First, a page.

Borders on the Internet

Aug 5, 2020

In the beginning, the internet was borderless. The first example of inter-netting, in 1977, connected computers in the U.S. the U.K. and Norway.

In 1991, Tim Berners Lee created the first web page along with all the supporting protocols to make it easy for anyone to access the internet by just pointing and clicking. The web was created as a research project at CERN, the physics research institution in Switzerland.

During the 1990s, the web went commerical, and a new economy was born. It’s growth was so astounding, that a young hedge fund quant named Jeff Bezos left his job on Wall Street to start a business selling books on the web.

In 1997, EFF Founder John Perry Barlow declared the independence of Cyberspace. In his words:

Governments derive their just powers from the consent of the governed. You have neither solicited nor received ours. We did not invite you. You do not know us, nor do you know our world. Cyberspace does not lie within your borders.

Then in the 21st century, three big things happened: the NASDAQ tech bubble burst, al-Qaida carried out the 2001-Sep-11 attacks, and the PRC (People’s Republic of China 🇨🇳) joined World Trade Organziation.

The tech bubble bursting meant that a lot of internet companies never survived. It also lead to a lot of mainstream takes that the “New Economy” was over, and business would go back to the way it was. This NYTimes piece Dot-Com Is Dot-Gone, And the Dream With It from 2001-Nov-25 is representative of the mood around this time. From that NYT article, (emphasis mine):

To Amitai Etzioni, a sociologist at George Washington University, the country is experiencing an abrupt cultural shift away from the libertarian, individualistic values that were expressed in the celebration of the New Economy and toward more old-fashioned values in the wake of the terrorist attacks, when government is not The Problem and people are not The Market. ‘‘There’s been a sea change,’’ he said. The surge in charitable giving and blood donations after Sept. 11, he said, underscores ‘‘the sense that you’re willing to give priority to the common good, to public safety and public health.’’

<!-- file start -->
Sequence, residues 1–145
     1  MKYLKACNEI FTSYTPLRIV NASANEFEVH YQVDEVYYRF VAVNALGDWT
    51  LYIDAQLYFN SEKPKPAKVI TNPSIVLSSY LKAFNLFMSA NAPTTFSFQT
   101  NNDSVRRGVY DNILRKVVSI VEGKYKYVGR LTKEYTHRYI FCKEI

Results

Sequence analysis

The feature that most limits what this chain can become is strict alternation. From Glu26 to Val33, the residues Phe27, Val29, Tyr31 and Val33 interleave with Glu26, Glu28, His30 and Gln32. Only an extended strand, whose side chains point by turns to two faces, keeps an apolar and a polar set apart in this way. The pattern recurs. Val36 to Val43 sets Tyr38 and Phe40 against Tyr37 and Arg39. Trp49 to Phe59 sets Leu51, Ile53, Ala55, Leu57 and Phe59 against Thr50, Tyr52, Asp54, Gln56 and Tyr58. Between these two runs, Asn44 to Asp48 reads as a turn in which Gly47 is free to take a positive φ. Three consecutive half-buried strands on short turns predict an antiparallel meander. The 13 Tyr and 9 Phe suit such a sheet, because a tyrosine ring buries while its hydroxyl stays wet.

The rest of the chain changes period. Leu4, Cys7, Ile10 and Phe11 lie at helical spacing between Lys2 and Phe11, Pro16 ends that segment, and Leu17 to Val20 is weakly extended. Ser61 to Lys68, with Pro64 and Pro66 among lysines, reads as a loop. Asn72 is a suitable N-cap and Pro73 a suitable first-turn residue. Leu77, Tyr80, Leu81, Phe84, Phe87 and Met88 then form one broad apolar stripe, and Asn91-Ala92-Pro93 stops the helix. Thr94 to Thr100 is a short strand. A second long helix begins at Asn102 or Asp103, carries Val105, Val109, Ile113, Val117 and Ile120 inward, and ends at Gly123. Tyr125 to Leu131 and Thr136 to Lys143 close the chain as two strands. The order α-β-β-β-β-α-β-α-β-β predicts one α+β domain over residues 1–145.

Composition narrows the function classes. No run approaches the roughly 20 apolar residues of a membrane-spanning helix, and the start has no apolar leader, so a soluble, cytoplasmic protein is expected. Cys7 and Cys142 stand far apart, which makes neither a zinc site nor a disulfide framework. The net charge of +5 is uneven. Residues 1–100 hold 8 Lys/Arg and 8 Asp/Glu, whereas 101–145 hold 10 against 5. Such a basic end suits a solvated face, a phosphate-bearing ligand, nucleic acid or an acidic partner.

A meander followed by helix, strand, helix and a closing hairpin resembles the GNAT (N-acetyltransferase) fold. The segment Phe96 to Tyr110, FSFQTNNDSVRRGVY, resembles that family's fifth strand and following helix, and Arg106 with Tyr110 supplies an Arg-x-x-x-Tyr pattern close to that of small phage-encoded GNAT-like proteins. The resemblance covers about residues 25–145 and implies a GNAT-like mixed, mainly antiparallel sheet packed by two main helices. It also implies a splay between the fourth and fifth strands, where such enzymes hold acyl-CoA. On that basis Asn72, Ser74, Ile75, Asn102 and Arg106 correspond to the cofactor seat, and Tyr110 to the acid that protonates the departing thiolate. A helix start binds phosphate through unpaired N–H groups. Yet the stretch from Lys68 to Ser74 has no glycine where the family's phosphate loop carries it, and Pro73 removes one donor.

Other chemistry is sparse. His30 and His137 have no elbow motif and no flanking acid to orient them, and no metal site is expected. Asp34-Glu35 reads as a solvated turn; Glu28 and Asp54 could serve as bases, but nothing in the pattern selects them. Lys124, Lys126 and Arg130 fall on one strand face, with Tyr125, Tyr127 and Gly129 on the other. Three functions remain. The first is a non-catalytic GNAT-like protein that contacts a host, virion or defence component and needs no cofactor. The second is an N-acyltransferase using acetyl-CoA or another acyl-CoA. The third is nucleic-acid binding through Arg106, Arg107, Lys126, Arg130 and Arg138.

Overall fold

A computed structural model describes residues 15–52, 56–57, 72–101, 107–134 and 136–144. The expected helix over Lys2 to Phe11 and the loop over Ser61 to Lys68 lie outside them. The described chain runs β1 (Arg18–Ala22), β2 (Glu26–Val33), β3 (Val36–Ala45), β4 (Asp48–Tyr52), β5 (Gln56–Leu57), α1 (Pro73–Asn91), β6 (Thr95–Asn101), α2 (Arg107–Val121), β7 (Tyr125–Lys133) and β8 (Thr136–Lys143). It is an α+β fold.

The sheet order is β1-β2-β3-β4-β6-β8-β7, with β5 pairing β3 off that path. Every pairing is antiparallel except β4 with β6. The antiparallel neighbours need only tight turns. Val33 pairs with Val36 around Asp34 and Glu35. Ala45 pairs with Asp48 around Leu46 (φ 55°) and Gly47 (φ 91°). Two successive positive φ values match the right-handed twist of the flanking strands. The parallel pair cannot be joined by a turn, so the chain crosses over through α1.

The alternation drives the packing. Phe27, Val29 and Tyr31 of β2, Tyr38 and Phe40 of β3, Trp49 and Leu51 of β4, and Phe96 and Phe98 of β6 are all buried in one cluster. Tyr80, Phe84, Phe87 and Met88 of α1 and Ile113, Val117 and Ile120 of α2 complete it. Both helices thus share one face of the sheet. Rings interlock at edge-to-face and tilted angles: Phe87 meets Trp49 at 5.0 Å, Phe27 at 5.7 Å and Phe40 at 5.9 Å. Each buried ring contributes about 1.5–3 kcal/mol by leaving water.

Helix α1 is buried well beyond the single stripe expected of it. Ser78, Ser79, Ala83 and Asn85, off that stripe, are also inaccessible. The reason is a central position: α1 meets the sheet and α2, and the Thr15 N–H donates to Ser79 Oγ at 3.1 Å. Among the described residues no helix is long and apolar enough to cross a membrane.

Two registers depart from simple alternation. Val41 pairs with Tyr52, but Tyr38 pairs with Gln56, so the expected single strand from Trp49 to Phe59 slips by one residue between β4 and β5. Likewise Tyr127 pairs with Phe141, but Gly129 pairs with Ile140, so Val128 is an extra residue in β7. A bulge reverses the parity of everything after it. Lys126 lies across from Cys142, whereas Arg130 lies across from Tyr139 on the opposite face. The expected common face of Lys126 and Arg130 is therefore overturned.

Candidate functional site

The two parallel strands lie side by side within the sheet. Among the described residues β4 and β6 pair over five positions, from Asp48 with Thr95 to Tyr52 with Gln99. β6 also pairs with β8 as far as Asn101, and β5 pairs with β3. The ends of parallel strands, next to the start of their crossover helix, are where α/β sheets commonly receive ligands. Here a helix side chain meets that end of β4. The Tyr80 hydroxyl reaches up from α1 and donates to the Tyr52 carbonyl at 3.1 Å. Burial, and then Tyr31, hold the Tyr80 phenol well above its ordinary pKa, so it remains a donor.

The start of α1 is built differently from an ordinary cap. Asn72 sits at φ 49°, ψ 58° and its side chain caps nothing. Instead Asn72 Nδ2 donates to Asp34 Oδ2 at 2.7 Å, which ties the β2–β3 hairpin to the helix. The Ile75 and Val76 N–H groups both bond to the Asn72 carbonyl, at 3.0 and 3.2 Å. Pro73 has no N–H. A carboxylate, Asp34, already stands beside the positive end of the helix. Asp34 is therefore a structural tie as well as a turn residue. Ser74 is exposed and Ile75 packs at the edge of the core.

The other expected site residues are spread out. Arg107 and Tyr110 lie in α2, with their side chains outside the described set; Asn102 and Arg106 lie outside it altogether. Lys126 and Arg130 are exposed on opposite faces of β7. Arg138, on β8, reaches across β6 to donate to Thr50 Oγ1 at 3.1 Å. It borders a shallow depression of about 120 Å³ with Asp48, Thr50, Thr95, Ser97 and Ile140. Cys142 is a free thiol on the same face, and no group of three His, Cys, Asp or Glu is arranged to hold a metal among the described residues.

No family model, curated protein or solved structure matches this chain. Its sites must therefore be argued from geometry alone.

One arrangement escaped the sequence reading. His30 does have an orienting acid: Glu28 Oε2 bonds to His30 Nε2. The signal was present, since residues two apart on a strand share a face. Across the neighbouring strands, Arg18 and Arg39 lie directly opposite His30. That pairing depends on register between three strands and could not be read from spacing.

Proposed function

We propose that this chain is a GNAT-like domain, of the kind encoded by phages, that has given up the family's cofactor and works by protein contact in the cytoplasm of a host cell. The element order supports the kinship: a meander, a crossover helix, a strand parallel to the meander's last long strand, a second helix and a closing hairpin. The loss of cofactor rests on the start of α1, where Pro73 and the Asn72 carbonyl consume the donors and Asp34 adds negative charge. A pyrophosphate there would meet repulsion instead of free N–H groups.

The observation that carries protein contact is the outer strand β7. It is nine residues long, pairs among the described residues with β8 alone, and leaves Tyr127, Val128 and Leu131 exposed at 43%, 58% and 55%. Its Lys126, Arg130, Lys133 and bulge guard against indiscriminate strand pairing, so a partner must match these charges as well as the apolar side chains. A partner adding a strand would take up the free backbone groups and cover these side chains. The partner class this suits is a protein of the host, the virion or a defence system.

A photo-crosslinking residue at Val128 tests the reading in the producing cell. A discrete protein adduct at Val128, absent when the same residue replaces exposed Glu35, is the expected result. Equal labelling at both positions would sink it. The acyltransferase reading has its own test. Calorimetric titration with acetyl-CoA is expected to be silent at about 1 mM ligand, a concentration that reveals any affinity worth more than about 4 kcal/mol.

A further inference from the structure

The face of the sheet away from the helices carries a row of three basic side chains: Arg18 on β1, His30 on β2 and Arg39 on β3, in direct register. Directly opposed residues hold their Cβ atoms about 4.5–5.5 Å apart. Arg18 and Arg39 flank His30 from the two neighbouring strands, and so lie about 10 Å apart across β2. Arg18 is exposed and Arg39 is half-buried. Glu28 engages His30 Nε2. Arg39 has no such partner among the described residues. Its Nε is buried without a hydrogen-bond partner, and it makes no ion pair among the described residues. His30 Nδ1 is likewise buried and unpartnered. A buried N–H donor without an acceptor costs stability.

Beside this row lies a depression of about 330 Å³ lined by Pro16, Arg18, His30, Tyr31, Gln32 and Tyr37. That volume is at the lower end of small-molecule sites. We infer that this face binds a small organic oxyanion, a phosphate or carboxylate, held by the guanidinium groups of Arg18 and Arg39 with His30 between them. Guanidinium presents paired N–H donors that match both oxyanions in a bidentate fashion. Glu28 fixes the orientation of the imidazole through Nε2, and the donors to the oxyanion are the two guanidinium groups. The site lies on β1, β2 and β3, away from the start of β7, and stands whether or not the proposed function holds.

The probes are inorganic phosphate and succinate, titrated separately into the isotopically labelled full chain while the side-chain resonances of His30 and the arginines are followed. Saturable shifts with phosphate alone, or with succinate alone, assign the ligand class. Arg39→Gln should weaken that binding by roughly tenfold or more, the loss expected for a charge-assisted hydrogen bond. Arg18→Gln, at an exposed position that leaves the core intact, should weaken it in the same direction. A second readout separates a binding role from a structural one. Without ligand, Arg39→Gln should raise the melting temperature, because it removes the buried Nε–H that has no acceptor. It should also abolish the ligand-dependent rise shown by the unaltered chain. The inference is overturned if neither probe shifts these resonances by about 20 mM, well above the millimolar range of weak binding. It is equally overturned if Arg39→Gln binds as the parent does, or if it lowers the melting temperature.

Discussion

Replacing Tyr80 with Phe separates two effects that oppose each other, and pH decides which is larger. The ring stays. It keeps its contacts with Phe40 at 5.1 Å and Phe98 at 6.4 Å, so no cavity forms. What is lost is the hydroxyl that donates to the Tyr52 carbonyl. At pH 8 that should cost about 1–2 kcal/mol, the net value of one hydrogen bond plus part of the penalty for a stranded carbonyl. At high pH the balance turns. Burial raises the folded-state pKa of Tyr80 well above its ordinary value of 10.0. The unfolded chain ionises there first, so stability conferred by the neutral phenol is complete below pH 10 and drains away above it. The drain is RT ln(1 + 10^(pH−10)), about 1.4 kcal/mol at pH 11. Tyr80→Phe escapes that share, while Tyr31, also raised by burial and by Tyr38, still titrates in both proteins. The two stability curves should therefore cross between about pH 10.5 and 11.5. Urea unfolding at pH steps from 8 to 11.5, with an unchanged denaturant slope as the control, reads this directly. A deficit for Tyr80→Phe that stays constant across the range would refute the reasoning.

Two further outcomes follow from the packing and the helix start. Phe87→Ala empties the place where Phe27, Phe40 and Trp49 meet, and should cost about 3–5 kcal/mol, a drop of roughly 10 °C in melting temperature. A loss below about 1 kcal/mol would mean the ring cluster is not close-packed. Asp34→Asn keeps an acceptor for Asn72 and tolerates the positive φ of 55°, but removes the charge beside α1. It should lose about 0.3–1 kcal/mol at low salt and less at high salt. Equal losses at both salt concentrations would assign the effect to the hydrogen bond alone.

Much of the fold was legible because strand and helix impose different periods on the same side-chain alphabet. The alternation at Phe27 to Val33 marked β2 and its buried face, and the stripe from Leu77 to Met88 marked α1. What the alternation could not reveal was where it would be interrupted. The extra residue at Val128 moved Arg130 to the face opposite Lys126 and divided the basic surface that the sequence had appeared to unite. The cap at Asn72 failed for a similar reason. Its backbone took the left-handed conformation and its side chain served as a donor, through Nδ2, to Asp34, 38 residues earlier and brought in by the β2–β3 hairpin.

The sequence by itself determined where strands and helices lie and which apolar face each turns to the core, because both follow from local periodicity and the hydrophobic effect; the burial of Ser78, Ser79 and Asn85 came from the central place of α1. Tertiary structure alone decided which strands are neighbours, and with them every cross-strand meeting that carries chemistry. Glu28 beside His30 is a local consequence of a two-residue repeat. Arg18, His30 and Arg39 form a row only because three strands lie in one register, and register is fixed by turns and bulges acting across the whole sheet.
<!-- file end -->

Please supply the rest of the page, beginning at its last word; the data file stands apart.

The year 2001 was an inflection point. In response to the crash, investment in global internet companies dried up for years. In response to the terrorist attacks, the U.S. reorganized it’s federal government and expanded the intelligence apparatus, then launched the Global War on Terror.

When China joined the WTO, they got access to global markets, and began exporting their way to become the world’s second largest economy, measured by GDP. The CCP (Chinese Communist Party) let their citizens access global markets to sell goods, but did not let their citizens access information on the global internet. The Great Firewall created a “Chinese internet” separate from the global internet.

Over the next decade, both Google and Facebook emerged from Stanford and Harvard dorm rooms as leaders on the global internet. Despite their abundant wealth and patience, Google pulled out of China in 2010, and Facebook was banned in China.

In 2013, Edward Snowden revealed a large domestic surveillance program that the NSA had created as part of the post-9/11 War on Terror. One of the lasting effects of those revelations is a wider sensitivity to privacy on the internet.

As Google and Facebook’s ad businesses grew, we started to hear about privacy issues around ad-tech a lot more, and Shoshanna Zuboff coined the term “surveillance capitalism” to describe this new business model. In response to the success of American ad-tech giants, the European Union 🇪🇺 created GDPR (the General Data Protection Regulation) in 2018. Under GDPR, any company that had the personal data of one of the 500 million EU citizens would have to hire an expensive team to ensure compliance with these regulations. Many companies just blocked EU users to avoid having to hire a compliance team.

This blocking of EU users created an effective “EU firewall” by ensuring that the half-billion citizens of the EU couldn’t easily access websites outside of the EU. The only exception were the large corporations that can afford to hire a compliance team.

Today in 2020, as relations between the U.S. and the China evolve towards greater hostility, the State Department announced the Clean Network, which sounds an awful lot like a U.S.-led Great Wall around our part of the internet.

John Perry Barlow’s vision of a borderless Cyberspace, ungoverned by the legacy nation-states, has decisively lost. There are technical ways around these firewalls, but this friction will deter many, reducing the network effects quadratically, and I expect that much of the workarounds to these firewalls will be made illegal and very expensive.

Borders have been drawn on the internet. I am not saying this is bad or good, just documenting a historically significant development. I am reserving judgement as I watch this play out in real-time.